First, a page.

Tuesday, July 29, 2014

2 Samuel: a Book Report

The following is from a work-in-progress called "The Bible: a Book Report" in which I read each book of the Bible, and then summarize it in my own words.  I will also include biblical artwork by famous artists.

When David learned of Saul’s death, he wept bitterly and wrote a dirge (a song written on the occasion of someone’s death).  Then David became king over the tribe of Judah.  Israel was divided, however, because Saul’s son Ish-bosheth was king over the northern tribes.  There was a Civil War in Israel, between the northern forces of Ish-bosheth and the southern forces of David.  

The war dragged on, and many Israelites died.  Eventually, David began to gain the upper hand.  Abner, the commander of the northern forces, decided to join David.  However, this truce was short lived because Joab, the commander of David’s forces, murdered Abner, as vengeance for killing his son.  David then mourned the death of his former enemy.

When word reached Ish-bosheth’s men than their commander had been killed, they realized they were going to be defeated, so they conspired against their king, and murdered Ish-bosheth.  The two murderers brought Ish-bosheth’s head to king David, expecting some kind of reward.  Instead, David was repulsed, and had the two murderers killed.

Then the elders of all the tribes got together, and decided to make David king over all of Israel.  David captured the city of Jerusalem, and made it the center of his kingdom.  Now that he was king, David took lots of wives and concubines, and had many many children.  He was a sex machine.

"David" by Michelangelo Buonarroti (1504)

As King, David had many military successes against the neighbors of Israel.  He defeated their perennial enemy the Philistines again, as well as the Moabites and others.  David had the ark of the covenant brought to Jerusalem, and he was so excited about this that he started dancing.  David’s wife Michal thought David had made a fool of himself, and told David how she felt.  In response, God made Michal childless.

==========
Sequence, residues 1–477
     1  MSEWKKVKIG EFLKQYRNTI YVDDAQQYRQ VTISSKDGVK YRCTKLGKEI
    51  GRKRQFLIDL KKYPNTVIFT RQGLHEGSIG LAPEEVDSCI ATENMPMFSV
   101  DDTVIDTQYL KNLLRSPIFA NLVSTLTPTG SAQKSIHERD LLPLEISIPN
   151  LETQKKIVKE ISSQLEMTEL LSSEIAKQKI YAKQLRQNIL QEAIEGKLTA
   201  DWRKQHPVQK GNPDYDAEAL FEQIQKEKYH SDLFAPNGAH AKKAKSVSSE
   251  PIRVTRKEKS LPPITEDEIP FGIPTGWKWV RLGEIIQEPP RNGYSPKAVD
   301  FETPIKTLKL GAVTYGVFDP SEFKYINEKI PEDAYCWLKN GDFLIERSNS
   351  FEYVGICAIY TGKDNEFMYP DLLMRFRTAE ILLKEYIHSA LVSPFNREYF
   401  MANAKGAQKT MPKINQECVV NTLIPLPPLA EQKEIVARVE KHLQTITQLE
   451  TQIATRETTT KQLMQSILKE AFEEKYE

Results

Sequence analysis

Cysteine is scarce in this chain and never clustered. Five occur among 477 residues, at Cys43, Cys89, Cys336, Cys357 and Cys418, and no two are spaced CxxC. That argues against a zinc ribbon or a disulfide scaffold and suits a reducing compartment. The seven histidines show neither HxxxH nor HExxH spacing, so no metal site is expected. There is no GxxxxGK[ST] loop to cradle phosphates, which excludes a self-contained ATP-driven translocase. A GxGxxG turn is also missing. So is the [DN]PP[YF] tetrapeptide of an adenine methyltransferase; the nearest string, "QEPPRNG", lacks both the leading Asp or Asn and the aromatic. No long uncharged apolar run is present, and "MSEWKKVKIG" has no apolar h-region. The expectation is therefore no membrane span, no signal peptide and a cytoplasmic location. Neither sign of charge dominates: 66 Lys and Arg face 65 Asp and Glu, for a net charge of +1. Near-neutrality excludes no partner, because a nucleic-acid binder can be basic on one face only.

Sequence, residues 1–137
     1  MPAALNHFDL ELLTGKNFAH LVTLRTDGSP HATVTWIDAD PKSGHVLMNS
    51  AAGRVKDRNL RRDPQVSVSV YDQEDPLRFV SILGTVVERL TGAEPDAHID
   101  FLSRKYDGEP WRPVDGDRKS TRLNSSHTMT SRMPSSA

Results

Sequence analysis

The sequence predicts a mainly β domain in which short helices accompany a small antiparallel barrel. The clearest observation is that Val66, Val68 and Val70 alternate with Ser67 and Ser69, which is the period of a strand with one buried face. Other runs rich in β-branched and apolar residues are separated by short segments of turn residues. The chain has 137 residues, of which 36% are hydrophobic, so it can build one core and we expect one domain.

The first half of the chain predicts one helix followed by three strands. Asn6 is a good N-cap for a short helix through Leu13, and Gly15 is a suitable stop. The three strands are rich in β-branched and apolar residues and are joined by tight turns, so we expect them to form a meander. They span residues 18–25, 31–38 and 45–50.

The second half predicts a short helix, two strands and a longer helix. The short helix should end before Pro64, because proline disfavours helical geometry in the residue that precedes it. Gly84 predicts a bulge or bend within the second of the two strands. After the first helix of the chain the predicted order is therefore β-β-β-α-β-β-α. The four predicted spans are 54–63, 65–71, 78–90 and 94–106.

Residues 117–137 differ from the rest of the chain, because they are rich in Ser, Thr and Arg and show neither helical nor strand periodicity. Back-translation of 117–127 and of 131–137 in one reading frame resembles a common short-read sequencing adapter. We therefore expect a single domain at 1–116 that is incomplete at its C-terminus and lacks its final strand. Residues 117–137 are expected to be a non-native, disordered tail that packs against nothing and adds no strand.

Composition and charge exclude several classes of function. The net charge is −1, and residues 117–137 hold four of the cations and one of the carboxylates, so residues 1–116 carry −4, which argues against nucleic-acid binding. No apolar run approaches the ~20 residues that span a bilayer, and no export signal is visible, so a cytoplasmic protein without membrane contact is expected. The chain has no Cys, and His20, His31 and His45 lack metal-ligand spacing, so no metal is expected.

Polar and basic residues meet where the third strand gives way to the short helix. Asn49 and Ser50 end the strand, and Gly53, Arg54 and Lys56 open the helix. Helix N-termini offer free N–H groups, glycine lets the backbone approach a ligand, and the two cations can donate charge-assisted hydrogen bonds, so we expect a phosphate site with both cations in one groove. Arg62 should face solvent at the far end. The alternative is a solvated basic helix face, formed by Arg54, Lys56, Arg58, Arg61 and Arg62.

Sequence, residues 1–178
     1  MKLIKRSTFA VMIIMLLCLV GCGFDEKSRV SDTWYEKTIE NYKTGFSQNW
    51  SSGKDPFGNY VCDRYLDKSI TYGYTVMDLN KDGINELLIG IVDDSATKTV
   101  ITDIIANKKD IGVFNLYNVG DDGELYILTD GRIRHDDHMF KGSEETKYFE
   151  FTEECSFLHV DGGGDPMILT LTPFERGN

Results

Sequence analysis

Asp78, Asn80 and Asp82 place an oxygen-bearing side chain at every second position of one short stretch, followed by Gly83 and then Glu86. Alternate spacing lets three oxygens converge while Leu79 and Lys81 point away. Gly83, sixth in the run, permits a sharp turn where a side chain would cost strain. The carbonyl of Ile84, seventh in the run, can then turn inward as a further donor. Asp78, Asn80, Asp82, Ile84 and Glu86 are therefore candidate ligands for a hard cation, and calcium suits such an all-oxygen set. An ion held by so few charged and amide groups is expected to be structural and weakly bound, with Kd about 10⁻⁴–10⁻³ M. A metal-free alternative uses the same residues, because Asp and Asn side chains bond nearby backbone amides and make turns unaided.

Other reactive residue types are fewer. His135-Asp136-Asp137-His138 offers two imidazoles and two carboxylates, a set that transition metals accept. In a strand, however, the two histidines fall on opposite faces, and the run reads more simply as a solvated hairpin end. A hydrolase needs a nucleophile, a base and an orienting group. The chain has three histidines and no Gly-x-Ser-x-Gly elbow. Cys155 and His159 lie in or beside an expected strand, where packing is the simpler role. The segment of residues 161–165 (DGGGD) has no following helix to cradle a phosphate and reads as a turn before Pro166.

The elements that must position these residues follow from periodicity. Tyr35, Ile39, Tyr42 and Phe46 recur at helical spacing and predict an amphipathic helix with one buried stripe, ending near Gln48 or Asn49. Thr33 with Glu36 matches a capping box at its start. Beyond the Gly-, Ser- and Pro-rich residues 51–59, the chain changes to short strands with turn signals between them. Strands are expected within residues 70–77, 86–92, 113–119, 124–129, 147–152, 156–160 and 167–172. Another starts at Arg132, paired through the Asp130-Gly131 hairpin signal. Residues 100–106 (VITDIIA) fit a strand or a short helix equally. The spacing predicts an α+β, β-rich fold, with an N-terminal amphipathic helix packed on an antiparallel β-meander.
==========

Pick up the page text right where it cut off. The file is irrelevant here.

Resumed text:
With his kingdom established, and the ark in Jerusalem, David began making plans to build a permanent temple.  God made a covenant with King David, saying, “Your house and your kingdom shall endure before me forever.”  This was a variation on the covenants God had made to Abraham and Moses.  David was happy.

But his happiness was short-lived.  Once, when the Israelite forces were off fighting, David looked down form the roof of his palace and saw a beautiful woman bathing, and was very attracted to her.  He had her brought to his palace and, even though she was already married to a guy named Uriah, he had sex with her and she became pregnant.  David then stealthily had Uriah killed, and married Bathsheba, the woman.  

"David and Bathsheba" by Bernardino Mei (17th Century)

God thought this was evil, and he punished David by killing Bathsheba’s baby.  That’s right.  God killed a baby.  But then Bathsheba had another son named Solomon, who would eventually become David’s heir, and a great king.

After the Bathsheba incident, things began to get really weird and fucked up for David’s Kingdom.  One of David’s sons named Ammon had the hots for his sister Tamar, and he raped her.  This pissed off Tamar’s brother Absolom, who killed Ammon, and then fled.  Then, as if things weren’t bad enough, Absolom began conspiring against David, and began planning a coup d’etat.  When David heard about this, he fled, and Absolom and his men took control of Jerusalem.  Absolom had sex with David’s concubines.

Then there was another civil war, between the forces of Absolom and the forces of David.  There was a great battle, which David’s forces won.  Absolom was slain in the battle.  When David heard that his son was slain, he grieved deeply, saying, “O my son Absolom, my son, my son Absolom!  Would I had died instead of you, O Absolom, my son!”  One unique quality of David was his ability to have compassion upon those who were his enemies.

"David Mourns Absolom" by Marc Chagall

David re-gained control of Israel, but the land was traumatized by inner turmoil.  Another rebellion rose up, led by a man named Sheba, but this was put down by Joab, David’s general.

Then there was a famine in Israel for three years.  David asked God, “Why the famine?”  And God said it was because, back when Saul was king, he had unjustly killed a bunch of Gibeonites.  So David sent the Gibeonites seven of Saul’s sons to be hanged.   This human sacrifice satisfied God, and the famine ended.

After winning more battles against the Philistines, David wrote a couple songs about his deliverance.  David was fond of song-writing.  Near the end of his life, David decided to take a census of Israel.  For some reason, this made God so mad that he sent a plague on Israel.  The book ends with David building an altar, and God taking away the plague.

Stay tuned for more familial drama, war, and sex with 1 Kings: a Book Report...

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